August 28, 2015
The Scorched-Earth Politics of America’s Four Fundamentalisms
Posted on Mar 7, 2012
By Henry A. Giroux, Truthout
Changing consciousness is not the same as altering the institutional basis of oppression, but at the same time, institutional reform cannot take place without a change in consciousness that recognizes the very need for such reform and the need to reinvent the conditions and practices that would make it possible. In addition, it is crucial to raise questions about the relationship between pedagogy and civic culture. What would it take for individuals and social groups to believe they have a responsibility to address the realities of class, race and gender oppression, and other specific forms of domination? For too long, those on the left have ignored that the issue of politics as a strategy is inextricably connected to the issue of political education and entangled with power, ideologies, values, the acquisition of agency and visions of the future. Fortunately, power is never completely on the side of domination, religious fanaticism or political corruption. Nor is it entirely in the hands of those who view democracy as an excess or burden. Increasingly, more and more individuals and groups at home and around the globe - including students, workers, feminists, educators, writers, environmentalists, senior citizens, artists, and a host of other individuals and movements - are organizing to challenge the dangerous slide on the part of the United States into the morass of an authoritarianism that threatens not just the promise, but the very idea of democracy in the 21st century.
1. Jonathan Turley, “10 Reasons the US Is No Longer the Land of the Free,” Washington Post (January 13, 2012).
2. Glen Greenwald, “Obama’s Illegal Assaults,” In These Times, (08/26/11).
Square, Site wide
3. Glenn Greenwald, “With Liberty and Justice for Some: How the Law Is Used to Destroy Equality and Protect the Powerful” (New York: Metropolitan Books, 2011).
4.Jim Garrison, “Obama’s Most Fateful Decision,” The Huffington Post, (12/12/2011).
5. Jonathan Schell, “Cruel America,” The Nation (September 28, 2011).
6. Erik Hoffner, “Punishing Protest, Policing Dissent: What is the Justice System For?” Common Dreams, (February 11, 2012).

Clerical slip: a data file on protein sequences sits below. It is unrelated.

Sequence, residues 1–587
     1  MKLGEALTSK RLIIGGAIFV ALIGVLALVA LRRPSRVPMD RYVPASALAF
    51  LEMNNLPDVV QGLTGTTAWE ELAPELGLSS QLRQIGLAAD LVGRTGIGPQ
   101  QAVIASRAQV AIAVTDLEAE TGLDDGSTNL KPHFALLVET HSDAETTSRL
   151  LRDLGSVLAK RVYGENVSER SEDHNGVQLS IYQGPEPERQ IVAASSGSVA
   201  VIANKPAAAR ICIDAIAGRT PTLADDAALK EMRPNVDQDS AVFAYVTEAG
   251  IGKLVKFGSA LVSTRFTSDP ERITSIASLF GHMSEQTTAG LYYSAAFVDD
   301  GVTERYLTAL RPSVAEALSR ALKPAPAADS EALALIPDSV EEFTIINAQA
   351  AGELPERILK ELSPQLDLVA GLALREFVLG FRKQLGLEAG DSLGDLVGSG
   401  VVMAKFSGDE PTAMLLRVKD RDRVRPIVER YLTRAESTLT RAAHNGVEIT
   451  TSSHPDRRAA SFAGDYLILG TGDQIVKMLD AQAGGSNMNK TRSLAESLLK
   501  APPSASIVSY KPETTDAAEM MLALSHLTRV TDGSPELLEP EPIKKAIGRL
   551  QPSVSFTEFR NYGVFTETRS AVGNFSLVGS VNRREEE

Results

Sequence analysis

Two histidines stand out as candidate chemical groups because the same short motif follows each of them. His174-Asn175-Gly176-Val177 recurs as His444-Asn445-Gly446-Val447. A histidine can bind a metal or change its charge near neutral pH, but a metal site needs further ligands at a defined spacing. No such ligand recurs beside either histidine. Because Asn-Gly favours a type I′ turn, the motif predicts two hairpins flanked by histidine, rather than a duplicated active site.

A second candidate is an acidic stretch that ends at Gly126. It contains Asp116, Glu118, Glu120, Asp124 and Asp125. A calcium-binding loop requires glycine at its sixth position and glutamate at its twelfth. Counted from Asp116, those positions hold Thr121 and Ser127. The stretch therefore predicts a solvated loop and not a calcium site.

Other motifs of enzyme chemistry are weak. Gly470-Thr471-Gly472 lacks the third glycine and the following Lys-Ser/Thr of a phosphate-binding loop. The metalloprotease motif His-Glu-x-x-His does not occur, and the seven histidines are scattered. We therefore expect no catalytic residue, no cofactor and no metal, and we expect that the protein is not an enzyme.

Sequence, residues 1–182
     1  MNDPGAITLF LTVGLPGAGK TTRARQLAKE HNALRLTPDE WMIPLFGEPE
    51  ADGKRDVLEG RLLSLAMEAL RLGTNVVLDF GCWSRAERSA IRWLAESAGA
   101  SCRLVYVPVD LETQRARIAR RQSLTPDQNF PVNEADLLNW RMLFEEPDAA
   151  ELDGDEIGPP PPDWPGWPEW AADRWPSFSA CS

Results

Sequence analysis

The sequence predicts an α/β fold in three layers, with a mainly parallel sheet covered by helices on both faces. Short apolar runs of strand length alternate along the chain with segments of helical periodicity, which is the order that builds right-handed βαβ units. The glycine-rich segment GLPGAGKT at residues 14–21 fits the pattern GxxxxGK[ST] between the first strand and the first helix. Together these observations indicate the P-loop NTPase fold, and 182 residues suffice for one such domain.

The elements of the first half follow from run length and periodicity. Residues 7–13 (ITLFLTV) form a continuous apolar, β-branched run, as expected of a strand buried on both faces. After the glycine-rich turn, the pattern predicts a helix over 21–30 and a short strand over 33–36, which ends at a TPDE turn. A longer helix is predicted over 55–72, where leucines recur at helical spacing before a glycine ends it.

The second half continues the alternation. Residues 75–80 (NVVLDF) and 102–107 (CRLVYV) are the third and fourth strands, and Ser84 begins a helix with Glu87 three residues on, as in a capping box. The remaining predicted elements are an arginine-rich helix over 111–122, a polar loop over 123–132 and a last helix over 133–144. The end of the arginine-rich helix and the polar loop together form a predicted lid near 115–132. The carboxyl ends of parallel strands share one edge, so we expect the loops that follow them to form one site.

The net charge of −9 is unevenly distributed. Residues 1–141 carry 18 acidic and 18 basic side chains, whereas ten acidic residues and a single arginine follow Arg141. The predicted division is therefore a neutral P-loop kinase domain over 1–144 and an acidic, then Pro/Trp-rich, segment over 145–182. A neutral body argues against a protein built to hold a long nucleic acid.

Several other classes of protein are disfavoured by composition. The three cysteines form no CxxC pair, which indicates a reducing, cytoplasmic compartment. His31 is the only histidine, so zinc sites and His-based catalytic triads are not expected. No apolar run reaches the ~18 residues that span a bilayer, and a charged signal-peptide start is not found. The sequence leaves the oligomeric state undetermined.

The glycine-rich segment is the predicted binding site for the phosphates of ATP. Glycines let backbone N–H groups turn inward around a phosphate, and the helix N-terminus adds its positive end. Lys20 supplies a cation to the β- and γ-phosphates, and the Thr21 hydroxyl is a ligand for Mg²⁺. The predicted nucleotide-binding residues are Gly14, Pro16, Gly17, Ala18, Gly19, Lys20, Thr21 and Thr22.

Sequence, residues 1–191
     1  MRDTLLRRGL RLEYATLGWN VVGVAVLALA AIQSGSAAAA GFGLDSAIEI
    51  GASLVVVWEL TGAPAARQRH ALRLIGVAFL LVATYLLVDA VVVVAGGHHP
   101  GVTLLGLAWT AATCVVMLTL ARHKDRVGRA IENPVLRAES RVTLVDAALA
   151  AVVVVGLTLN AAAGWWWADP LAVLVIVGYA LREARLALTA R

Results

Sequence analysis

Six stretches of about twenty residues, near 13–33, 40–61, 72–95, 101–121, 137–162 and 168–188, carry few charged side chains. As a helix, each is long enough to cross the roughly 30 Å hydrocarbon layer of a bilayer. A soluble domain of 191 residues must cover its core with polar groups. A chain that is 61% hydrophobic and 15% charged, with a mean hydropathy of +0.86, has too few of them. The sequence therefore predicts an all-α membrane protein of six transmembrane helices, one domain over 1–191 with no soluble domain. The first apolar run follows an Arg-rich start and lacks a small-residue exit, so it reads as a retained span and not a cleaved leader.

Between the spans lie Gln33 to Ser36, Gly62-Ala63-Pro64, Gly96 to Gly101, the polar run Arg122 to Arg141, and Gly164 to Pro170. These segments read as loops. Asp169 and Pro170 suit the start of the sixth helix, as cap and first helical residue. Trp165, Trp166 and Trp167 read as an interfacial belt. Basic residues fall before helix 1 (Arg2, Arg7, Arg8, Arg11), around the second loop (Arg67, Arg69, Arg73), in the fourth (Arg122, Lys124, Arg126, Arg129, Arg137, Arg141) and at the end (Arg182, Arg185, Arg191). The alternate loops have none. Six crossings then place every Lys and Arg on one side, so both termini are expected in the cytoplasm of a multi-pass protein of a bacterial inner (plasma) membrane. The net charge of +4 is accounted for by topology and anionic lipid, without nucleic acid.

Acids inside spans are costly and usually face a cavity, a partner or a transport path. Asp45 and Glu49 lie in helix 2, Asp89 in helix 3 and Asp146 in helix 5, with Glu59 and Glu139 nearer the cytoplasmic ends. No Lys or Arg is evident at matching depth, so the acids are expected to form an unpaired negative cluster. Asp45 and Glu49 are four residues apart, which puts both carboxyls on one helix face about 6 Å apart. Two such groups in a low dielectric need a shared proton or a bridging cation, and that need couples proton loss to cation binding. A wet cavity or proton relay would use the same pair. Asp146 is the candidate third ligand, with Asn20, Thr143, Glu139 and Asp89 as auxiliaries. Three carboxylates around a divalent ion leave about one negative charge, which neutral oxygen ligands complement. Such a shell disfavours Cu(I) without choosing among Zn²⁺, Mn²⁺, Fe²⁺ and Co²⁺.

7. Chris McGreal, “The US Schools with Their Own Police,” The Guardian UK (January 9, 2012).
8. Cited in Chris McGreal, “The US Schools with their own police.”
9. Sheldon S. Wolin, “Democracy Incorporated: Managed Democracy and the Specter of Inverted Totalitarianism,” (Princeton University Press, 2008); Chris Hedges, “American Fascists: The Christian Right and the War on America,” (New York: Free Press, 2008).
10. Henry A. Giroux, “Youth in a Suspect Society: Democracy or Disposability?” (New York: Palgrave, 2010); Sarah Jane Forman, “Countering Criminalization: Toward a Youth Development Approach to School Searches,” The Scholar 14:2 (2011), pp. 302-373.
11. See Henry A. Giroux, “Why Teaching People to Think for Themselves Is Repugnant to Religious Zealots and Rick Santorum,” Truthout (February 22, 2012).
12. Frank Rich, “I Saw Jackie Mason Kissing Santa Claus,” New York Times (December 25, 2005), p.8.
13. Paul Krugman, “Looting the Future,” New York Times (December 5, 2003), p. A27.
14. Robert Kuttner, “The War on America,” The American Prospect 22:8 (2011), p. 3.
15. Frank Rich, “The Year of Living Indecently,” New York Times (February 6, 2005), p. AR1.
16. See Henry A. Giroux, “Education and the Crisis of Public Values,” (New York: Peter Lang, 2012).
17. On the relationship between democracy and iniquitous wealth, see the forthcoming Robert W. McChesney and John Nichols, “Dollarocracy: How Billionaires Are Buying Our Democracy and What We Can Do About It,” (New York: Nation Books, 2013).
18. Robert McChesney and John Nichols, “Our Media, Not Theirs: The Democratic Struggle Against Corporate Media,” (New York: Seven Stories, 2002), pp. 52-53.
19. Andrew J. Bacevich, “The New American Militarism,” (New York: Oxford University Press, 2005), p.1. See also the more recent Andrew J. Bacevich (ed.), “The Short American Century: A Postmortem,” (Cambridge: Harvard University Press, 2012).
20. Tony Judt, “The New World Order,” New York Review of Books LII:12 (July 14, 2005), p.16.
21. Tony Judt, “The New World Order,” New York Review of Books LII:12 (July 14, 2005), p. 6. See Cornel West, “Democracy Matters: Winning the Fight Against Imperialism,” (New York: Penguin, 2004).
22. David Price, “Weaponizing Anthropology” (Petrolia, CA: AK Books, 2011).
23. Michael Hardt and Antonio Negri, “Multitude: War and Democracy in the Age of Empire,” (New York: Penguin, 2004), pp. 12-13.
New and Improved Comments